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Environmental Balance:
Undesirable New Neighbors

by John W. Norton, P.E., B.C.E.E.

Observation: Few people seem to want any new process or facility near where they are living.

Thus, many newly proposed facilities are met with a chorus of negative claims. Many claims are outrageous.

During the author's career, he served for twelve years as Chairman of a Township Board of Zoning Appeals in Southwest Ohio. One case that came before the 5 person board was that of an unimproved thirty acre property bounded on its long side by Interstate-75 and having access on only one side, from a popular through street. It was also located next to a regional international airport. The 30 acre site was owned by a congregation that was saving to build a church. This case illustrates that many do not want "An Undesirable New Neighbor," even if it is a new church.

Before the congregation got around to building its new church, the Ohio Department of Transportation came to the pastor and asked permission to buy a small triangle of land off the corner of this church property near the intersection of the Interstate highway and the popular through street. The highway department was building a new access road to the nearby airport and its policies required that a wide "right of way" be purchased, if possible. The highway department noted that the new access road itself would not even touch the church property, that the right of way would be vacant and the church could still landscape the triangle. Or, so it seemed when the pastor complied with the wishes of the State Department of Highways.

Two or three years later, when the congregation finally saved up the necessary funds and approached the township for its church construction permit, they were dismayed to discover that the sale of the triangle of property (only 15 feet of length on the popular street) had reduced the only road frontage to less than the 150 feet required by the zoning regulations. Now, these good citizens would need to bring their case before the Board of Zoning Appeals. Well, they reasoned, it shouldn't be hard to convince the board that the reduction of 15 feet (which they could even landscape as part of their frontage) was inconsequential.

Not so! When it came time for the hearing, the room was packed with naysayers that painted a picture of loud, late evening ball games, death and destruction from increased traffic, and illegal hunting by the "questionable" pastor. Only a very few citizens that thought the project had merit bothered to come to the meeting. The vote, I am ashamed to say, went against the church by a vote of three to two.

If it is not possible to build a church on 30 acres next to an interstate highway and a major airport, how can one expect to site a new environmental facility such as a recycling center, a transfer station, or an incinerator?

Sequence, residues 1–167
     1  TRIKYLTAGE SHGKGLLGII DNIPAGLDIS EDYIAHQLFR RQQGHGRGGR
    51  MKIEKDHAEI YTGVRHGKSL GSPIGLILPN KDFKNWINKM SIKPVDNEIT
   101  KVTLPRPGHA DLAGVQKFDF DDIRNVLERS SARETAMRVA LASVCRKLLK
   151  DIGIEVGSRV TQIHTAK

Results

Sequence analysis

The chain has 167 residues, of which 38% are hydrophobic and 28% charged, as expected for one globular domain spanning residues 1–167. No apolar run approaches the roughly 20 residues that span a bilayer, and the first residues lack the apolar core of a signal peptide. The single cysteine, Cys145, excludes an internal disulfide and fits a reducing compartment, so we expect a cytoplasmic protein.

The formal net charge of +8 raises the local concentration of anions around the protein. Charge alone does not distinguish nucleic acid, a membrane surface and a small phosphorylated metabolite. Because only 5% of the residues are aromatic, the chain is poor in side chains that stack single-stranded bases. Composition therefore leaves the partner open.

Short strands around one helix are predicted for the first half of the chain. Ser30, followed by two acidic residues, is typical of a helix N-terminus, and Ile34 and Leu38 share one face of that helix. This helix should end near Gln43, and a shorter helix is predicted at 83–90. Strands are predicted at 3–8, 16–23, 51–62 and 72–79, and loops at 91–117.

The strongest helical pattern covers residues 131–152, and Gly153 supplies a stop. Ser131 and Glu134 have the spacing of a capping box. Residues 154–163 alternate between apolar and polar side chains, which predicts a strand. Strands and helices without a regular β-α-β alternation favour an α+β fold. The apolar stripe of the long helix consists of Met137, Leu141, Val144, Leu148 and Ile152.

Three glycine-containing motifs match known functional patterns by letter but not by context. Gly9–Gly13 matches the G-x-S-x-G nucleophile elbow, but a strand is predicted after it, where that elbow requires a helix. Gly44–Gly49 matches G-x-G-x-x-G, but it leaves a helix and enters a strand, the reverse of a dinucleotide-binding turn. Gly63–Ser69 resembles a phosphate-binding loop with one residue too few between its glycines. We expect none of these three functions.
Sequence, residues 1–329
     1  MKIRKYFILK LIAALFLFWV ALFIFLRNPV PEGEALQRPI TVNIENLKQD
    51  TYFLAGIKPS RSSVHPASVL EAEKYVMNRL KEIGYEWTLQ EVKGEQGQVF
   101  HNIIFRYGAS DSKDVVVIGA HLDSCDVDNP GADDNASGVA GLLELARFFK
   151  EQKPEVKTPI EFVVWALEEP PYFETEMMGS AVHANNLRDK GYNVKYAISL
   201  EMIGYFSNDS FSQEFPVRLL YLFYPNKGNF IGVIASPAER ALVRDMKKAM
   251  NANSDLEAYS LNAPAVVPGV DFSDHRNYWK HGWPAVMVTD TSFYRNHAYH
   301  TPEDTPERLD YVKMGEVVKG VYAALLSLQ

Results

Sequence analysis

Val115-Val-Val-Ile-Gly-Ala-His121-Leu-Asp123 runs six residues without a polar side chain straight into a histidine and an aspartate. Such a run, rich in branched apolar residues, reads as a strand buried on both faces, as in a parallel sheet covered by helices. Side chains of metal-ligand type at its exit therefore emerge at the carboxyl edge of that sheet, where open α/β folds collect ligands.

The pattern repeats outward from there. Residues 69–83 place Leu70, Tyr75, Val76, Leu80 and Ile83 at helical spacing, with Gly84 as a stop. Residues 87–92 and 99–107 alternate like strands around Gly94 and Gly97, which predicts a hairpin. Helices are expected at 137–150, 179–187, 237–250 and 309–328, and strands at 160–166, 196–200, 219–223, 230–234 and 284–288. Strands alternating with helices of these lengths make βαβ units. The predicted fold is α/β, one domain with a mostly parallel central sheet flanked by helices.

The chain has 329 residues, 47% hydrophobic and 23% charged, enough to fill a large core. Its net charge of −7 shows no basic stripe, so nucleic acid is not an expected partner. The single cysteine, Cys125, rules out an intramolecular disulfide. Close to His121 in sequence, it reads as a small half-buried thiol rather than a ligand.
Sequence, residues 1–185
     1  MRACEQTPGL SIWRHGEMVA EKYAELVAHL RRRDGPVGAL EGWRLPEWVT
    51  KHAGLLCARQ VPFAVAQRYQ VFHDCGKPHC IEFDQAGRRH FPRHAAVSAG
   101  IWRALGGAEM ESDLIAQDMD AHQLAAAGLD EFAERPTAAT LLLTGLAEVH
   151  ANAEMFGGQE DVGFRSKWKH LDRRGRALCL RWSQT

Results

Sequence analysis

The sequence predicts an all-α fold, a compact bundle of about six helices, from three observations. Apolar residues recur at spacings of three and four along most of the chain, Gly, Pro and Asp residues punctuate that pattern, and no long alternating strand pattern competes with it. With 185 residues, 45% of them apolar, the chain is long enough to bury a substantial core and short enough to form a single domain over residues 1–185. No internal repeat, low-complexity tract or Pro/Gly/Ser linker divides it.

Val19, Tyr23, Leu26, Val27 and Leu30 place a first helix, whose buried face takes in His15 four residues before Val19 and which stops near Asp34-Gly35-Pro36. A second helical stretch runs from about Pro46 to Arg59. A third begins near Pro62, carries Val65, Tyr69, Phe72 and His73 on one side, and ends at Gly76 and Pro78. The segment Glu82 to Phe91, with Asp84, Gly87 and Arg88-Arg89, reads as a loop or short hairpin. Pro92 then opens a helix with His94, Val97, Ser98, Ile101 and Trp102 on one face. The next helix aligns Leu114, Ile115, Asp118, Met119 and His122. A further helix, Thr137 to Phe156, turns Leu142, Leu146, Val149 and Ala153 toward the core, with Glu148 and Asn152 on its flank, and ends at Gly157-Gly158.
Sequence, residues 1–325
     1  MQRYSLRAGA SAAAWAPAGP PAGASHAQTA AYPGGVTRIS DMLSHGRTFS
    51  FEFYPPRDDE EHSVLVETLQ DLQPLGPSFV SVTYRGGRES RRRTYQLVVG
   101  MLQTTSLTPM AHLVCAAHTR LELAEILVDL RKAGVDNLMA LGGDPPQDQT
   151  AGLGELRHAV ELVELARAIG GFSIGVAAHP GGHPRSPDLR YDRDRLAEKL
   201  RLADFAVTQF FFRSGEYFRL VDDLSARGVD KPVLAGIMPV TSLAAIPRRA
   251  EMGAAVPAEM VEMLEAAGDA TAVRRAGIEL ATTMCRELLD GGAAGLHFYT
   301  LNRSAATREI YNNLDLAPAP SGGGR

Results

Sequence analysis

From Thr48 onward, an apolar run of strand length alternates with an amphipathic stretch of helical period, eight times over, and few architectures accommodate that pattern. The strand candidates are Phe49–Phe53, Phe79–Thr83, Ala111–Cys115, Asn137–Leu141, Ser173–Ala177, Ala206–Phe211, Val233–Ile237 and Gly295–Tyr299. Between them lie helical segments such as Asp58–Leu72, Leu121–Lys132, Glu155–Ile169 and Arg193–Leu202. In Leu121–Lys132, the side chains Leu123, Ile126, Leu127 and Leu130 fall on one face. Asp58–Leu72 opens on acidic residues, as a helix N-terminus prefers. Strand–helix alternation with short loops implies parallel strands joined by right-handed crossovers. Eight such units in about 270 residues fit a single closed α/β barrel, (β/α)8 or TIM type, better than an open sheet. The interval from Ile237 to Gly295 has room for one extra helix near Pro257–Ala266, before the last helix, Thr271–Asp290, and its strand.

Three or four years later, the church returned with a capable property development specialist in its congregation, and managed to get the ruling changed. This time they came loaded for bear with proof that the children could already play ball on the property without a building permit (and were not likely to be all that noisy), that there had not been any significant accidents on that stretch of road where the church crowd would exit, and with proof that the pastor was not an illegal, or careless, hunter. It was also shown that the construction of the church and its new entrance drive would actually reduce the likelihood of accidents at that point due to grade changes in the existing driveway that the neighbors were already using to access their homes.

In fact, the neighbors had been happily using the church property for years not only for access to their own home driveways, but for hunting and for disposing of their lawn debris; they simply did not want to see the situation changed.

The ruling was overturned after the second hearing, a happy conclusion; but the fact remains: it took an awful lot of time and work to get this church built on 30 acres near an Interstate highway and a major airport. This is not reasonable. How much more difficult it must be to site an environmental facility.

How is "the system" going wrong? What could we (society) do differently in order to get the outcomes that obviously make more sense for more people? Perhaps there is some way to site facilities, even churches(?), so that such negativism and selfishness is not so encouraged.

The author's intent is offering the best environmental balance advice available; the user is free to use it, although no guarantee can be implied. All user circumstances are unique and require individual analysis.

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